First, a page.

Home Prices Post Best Yearly Increase Since 2006

Home prices rise: home for sale sign

U.S. single-family home prices rose in January, starting the year with the biggest annual increase in 6½ years in a fresh sign that the housing market recovery remains on track, a closely watched survey showed on Tuesday. The S&P/Case Shiller composite index of 20 metropolitan areas gained 1 percent month-on-month in January on a seasonally adjusted basis, topping expectations for 0.9 percent. Prices have been gaining since last February. On a non-seasonally adjusted basis, prices rose 0.1 percent.

Prices in the 20 cities climbed 8.1 percent year-over-year, also beating expectations for 7.9 percent. It was the biggest yearly increase since June 2006, when housing prices were on their way down as the market was starting to collapse. Average home prices were back to their autumn 2003 levels, though that still leaves them down about 30 percent from the 2006 peak.

All of the 20 cities showed gains on a yearly basis, with New York rising for the first time in over two years. Phoenix continued the strong rebound seen last year, rising 23.2 percent from the year before. Eight cities racked up double-digit gains, including San Francisco, up 17.5 percent, and Las Vegas, up 15.3 percent.

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Home Prices Post Best Yearly Increase Since 2006

Median list price: $224,900

A steady job market has kept demand for homes healthy in Iowa City, MarketWatch said. Iowa's low unemployment rate of 3.6 percent in December means more people can afford to buy. Inventory has been dropping rapidly in Iowa City, dropping 10 percent in January from a month prior. The number of homes for sale in every price range has been decreasing for the last 18 months, MarketWatch reported. That means sellers have their pick of buyers looking for homes.

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Median list price: $349,000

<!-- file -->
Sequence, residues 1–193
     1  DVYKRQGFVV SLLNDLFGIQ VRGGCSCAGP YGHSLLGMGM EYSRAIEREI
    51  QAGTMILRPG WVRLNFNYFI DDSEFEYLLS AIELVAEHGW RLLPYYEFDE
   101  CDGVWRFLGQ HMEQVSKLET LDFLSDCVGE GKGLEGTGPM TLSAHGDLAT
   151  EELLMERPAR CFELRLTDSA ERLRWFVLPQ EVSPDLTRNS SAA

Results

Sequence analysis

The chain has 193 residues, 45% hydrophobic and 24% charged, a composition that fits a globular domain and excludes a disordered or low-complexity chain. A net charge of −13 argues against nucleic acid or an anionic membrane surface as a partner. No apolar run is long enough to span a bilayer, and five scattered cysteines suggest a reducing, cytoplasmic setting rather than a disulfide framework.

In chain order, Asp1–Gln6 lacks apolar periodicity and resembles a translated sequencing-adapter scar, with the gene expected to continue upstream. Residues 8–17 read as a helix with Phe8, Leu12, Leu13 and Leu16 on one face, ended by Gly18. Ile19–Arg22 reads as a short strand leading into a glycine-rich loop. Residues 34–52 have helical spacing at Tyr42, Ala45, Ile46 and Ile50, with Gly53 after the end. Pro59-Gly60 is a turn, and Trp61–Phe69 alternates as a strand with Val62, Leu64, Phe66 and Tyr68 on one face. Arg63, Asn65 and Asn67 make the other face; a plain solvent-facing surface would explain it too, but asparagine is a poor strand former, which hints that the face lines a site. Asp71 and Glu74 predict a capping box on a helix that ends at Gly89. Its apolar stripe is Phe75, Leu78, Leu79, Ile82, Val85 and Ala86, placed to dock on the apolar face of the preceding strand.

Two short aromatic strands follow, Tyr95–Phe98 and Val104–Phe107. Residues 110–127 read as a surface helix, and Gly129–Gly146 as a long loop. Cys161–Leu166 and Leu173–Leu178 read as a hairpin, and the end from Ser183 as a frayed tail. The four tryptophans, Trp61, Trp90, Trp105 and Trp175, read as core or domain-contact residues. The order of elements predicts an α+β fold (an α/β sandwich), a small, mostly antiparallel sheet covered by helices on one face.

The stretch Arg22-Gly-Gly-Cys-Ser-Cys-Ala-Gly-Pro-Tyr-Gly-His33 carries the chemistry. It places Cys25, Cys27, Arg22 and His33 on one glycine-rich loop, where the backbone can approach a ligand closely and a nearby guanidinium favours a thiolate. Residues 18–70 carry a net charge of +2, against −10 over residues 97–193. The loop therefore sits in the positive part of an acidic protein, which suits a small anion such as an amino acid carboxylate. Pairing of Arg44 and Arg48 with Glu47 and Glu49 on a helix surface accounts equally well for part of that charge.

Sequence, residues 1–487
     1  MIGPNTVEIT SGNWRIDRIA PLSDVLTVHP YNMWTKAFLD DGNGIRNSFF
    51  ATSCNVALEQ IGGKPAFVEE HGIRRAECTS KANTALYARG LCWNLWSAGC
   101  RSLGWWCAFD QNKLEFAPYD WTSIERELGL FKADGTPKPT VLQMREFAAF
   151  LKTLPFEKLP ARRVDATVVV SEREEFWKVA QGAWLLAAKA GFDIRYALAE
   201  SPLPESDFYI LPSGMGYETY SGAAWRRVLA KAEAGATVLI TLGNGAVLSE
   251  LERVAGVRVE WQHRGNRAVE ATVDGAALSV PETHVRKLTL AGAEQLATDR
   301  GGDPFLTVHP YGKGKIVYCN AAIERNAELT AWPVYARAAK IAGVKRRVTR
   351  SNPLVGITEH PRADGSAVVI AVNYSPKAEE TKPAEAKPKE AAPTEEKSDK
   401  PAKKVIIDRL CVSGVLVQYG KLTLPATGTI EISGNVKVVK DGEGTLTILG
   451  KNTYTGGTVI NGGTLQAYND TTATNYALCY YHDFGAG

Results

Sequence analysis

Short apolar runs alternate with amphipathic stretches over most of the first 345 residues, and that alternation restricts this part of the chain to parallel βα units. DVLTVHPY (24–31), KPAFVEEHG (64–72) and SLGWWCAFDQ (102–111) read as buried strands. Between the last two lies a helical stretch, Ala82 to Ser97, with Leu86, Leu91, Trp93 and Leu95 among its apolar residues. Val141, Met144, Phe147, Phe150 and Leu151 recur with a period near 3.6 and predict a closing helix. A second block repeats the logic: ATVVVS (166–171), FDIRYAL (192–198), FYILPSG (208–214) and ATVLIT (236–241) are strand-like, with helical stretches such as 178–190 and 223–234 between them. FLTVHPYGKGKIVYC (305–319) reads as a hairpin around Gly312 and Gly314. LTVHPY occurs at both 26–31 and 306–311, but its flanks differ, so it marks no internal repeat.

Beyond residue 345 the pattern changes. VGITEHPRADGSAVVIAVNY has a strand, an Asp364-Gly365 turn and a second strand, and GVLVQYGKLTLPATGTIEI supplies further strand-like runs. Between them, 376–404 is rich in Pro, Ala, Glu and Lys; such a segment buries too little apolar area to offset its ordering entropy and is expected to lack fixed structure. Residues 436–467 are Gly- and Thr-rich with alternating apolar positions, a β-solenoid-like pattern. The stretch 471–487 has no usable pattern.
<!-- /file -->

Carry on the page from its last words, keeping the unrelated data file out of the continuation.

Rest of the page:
Median days homes are on the market: 56

Homes listed in Seattle spend about half the time on the market than they do nationally, and competition among buyers is helping to bid up home prices. There were less than 4,000 homes for sale in Seattle in January, MarketWatch reported, driving homebuyers to act fast on purchases.

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Median list price: $429,900
Median days homes are on the market: 29 (December)

In Washington, D.C., a monthly mortgage payment can cost less than local rental prices, so first-time homebuyers are taking advantage of that. There's also an influx of foreign buyers and investors snapping up homes. All of this means there's a lot of opportunity for sellers, MarketWatch said. It also doesn't hurt that inventory in the metro area is at a record low -- which means it's definitely a seller's market.

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Median list price: $209,500
Median days homes are on the market: 58

Home values are getting warmer in the hot-weather town of Phoenix. The median list price is up 23.6 percent from a year ago, and many underwater homeowners are coming out of negative equity. That's making it easier for them to sell. There's also quite a but of buyer interest coming from an unlikely source: people who sold their homes in short sales and are now using the money to buy once again, MarketWatch said.

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Median list price: $729,000
Median days homes are on the market: 58

Sellers in San Francisco have a pretty good problem on their hands: who to sell their homes to. Competition is fierce, with many sellers fielding more than 10 offers apiece on their properties, according to MarketWatch. The median days that a home sits on the market in San Francisco is below the national figure of 108. And a boom in tech jobs is bringing in scads of new workers who are looking to buy homes.

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The dollar slightly pared losses against the euro shortly after the data, while Treasures prices held steady at lower levels. U.S. stock index futures saw little reaction and Wall Street was poised to open higher. The housing market got back on its feet last year as prices rose, inventories tightened and sales improved. Stimulus efforts from the Federal Reserve are also keeping mortgage rates at historically low levels, which has helped spur demand. That momentum carried into 2013 and data last week showed home resales hit a three-year high in February.

Reporting by Leah Schnurr; editing by W Simon.

See also:
Buying a Home 44% Cheaper Than Renting, Despite Rising Prices
Another Housing Bubble? Recovery Shows Dangerous Signs, Reports Say
3 Reasons Your Home's Value Is Rising

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